Environment Court evidence: effects of pine forest, land use and harvesting on stream ecosystems, Whangapoua forest, Coromandel
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The purpose of my evidence is to describe the Whangapoua Forest stream monitoring programme, and discuss the results of the monitoring and related research on the effects of pine forest, land use and harvesting on stream ecosystems.
Stream lighting in five regions of North Island, New Zealand: control by channel size and riparian vegetation
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Lighting of streams profoundly influences their ecology, particularly through primary production and thermal behaviour. We used paired canopy analysers, instruments with fish-eye lens imaging, to measure sunlight exposure of streams in five regions of North Island, New Zealand. Reach-averaged stream lighting, at both water and bank level, was strongly influenced by riparian vegetation type. Pasture streams had comparatively high light exposure (median water level lighting = 45% of ambient), with most shading contributed by banks and overhanging herbs. Lighting was low in small forest streams (median = 1.3% for native forest, 1.2% for pine plantations), but increased sharply as the gap in the canopy widened with increase in channel width above c. 3.5 m. The understorey in pine plantations contributed more shade than the pines themselves: damage to this understorey (e.g., by goat browsing or floods) increased lighting markedly. Harvesting of pine plantations exposed streams to high light levels except where a riparian buffer was maintained. Periphyton biomass, varying over more than four orders of magnitude in the study streams, correlated broadly with lighting.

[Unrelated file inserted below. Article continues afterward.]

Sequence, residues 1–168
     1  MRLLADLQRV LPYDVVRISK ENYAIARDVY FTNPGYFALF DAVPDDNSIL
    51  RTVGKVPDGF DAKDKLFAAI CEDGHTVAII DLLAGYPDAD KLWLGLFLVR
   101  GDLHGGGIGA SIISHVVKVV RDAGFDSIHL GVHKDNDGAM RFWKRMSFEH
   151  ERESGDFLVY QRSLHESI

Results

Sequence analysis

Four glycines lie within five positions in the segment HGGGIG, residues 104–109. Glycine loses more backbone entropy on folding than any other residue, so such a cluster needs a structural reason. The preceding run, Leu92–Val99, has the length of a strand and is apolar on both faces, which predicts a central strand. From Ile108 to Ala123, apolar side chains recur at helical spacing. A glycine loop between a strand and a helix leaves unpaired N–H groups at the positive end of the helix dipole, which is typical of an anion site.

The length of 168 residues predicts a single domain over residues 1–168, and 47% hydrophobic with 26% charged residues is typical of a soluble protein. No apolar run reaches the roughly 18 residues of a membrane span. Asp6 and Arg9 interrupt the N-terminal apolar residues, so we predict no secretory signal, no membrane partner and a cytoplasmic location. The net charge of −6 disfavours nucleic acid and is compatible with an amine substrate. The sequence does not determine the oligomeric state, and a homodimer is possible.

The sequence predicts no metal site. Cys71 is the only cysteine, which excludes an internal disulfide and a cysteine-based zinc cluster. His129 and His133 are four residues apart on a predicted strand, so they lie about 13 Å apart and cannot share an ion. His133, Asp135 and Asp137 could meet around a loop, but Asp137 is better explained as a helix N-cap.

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The purpose of this report is to review and summarise published research on the efficiency and management of riparian buffer zones (RBZ) with respect to the attenuation of sediment and nutrients, and biodiversity enhancement. While there have been numerous studies on the efficiency of RBZ with respect to sediment and nutrients, many of these studies have been small-scale and site-specific. Therefore, a review of these studies needs to consider an assessment of the catchment scale factors that influence the effectiveness of RBZ in attenuating catchment loads.
Effects of progressive catchment harvesting on stream clarity, temperature, habitat and invertebrates in Whangapoua Forest: nineteenth annual report incorporating results from 1992-2011
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Logging of forests causes disturbances which can impact streams over several years. This is the nineteenth annual report aimed to determine the relative magnitudes of impact and rates of recovery from progressive pine forest harvesting in Whangapoua Forest on: stream water clarity (fortnightly), temperature (summer), stream habitat and biota (summer and end of winter). This report describes findings of the winter 2010 and summer 2011 surveys (13 sites), and incorporates findings from earlier surveys (since 1992) from streams that differed in size and harvest intensity in the surrounding catchment. This report also investigates retrospectively, whether results and conclusions on harvest impact from summer only surveys were comparable to those drawn from biannual surveys.
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Water temperature has profound effects on stream ecosystems. We studied effects of clear-fell logging Pinus radiata plantations on mid-summer water temperatures and recovery times in streams with 2–12 m wide channels. Post-logging increases were 2–3.8 8C for summer daily means and 4–7.3 8C for summer daily maxima. Rates of recovery of thermal regimes after logging were strongly negatively correlated with stream size, as indexed by catchment area, channel width or baseflow (r2 = 0.80–0.93). Summer daily mean and maximum temperatures declined during the riparian vegetation regrowth phase by 0.18 and 0.47 8C year1, respectively, for the largest stream and 1.4 and 1.9 8C year1 in the smallest stream. Thermal regimes were restored in small streams (2–4 mwide channels) about 6–8 years after clearfelling. In medium-sized streams (6–12 m wide channels), we predict this recovery will take 12–16 years.
Land use effects on habitat, water quality, periphyton, and benthic invertebrates in Waikato, New Zealand, hill-country streams